Brad’s April Escape - Part 13
April 21 - Saving Private Ryan
Each weekday this month, I’ll screen a film from The Bearded Trio Cinematic Universe and list 10 random scenes, characters, musical cues or performances that I particularly enjoy and look forward to upon every viewing. I’d love to hear similar little things you enjoy about these films, and hope you join me in this escape from the present-day world.
Next up is a film that acts as a perfect complement to yesterday's post, Saving Private Ryan (1998).
Saving Private Ryan - An Introduction
Oliver Stone considers Nixon (1995) a sequel to JFK (1991). And that makes total sense. Same filmmaker, focusing on two historical individuals, who have enough common elements in their stories to be strongly linked.
I have been trying to justify, in my mind, a sequel connection between Schindler's List (1993) and today's focus, Saving Private Ryan (1998).
Reasons to sequel one to the other lie in the obvious. Both exist in the World War II era, but from very different angles. Taken chronologically, Ryan should come before List, since List takes us through the end of the war, while Ryan's story - aside form the grandfather interludes - ends one week after D-Day.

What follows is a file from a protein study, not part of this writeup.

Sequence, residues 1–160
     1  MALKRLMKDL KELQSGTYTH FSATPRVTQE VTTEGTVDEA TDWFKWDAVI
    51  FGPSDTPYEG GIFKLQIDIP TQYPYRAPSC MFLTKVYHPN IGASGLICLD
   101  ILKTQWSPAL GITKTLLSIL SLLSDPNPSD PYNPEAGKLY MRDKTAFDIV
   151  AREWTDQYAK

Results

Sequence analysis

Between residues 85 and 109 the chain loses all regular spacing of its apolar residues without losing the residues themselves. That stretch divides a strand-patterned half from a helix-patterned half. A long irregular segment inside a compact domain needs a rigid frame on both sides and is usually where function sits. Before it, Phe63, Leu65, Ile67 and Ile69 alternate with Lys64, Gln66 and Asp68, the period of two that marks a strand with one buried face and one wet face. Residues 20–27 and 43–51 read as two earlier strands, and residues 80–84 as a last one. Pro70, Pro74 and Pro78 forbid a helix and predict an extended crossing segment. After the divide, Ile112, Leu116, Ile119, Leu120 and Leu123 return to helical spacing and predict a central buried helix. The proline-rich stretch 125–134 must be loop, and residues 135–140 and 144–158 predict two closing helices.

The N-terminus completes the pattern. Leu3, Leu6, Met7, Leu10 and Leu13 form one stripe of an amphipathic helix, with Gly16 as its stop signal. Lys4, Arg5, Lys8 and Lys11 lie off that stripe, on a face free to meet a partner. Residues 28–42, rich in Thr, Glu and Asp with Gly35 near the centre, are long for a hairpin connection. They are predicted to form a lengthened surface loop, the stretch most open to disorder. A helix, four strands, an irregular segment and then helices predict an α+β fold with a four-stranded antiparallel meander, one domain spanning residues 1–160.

But maybe these two films exist as a sequel set due to the filmmaker, Steven Spielberg. There's no doubt Schindler's List represented a turning point in this man's career, as historical dramas began to become more and more common among his projects. He took four years off from the director's chair, the making of List impacted him so deeply.
He came back in 1997 with The Lost World, then tacked on Amistad (1997) in that same year. But in 1998, he returned to the 1940s with the seminal film, Saving Private Ryan. To me, it's the next natural evolutionary step for him from List. Only this time, we focus on the good guys, and on a smaller, micro-story set within the bigger stage of the war.
10 Things I Like - Saving Private Ryan
1. The film is bookended by the grandfather visiting the grave of Captain John Miller at Arlington National Cemetery. His family trails behind, at a respectful distance. Spielberg uses top-notch staging of his actors here, with the wife trailing behind first, followed by the parents and grand kids. Very authentic.
I'm not sure if anyone else thought this before seeing it in the theater, but I made the misguided assumption that the title of the film referenced the Tom Hanks character. But in typical Spielberg fashion, the person (or subject) you easily assumed the film to be about isn't about the easily assumed thing or person at all.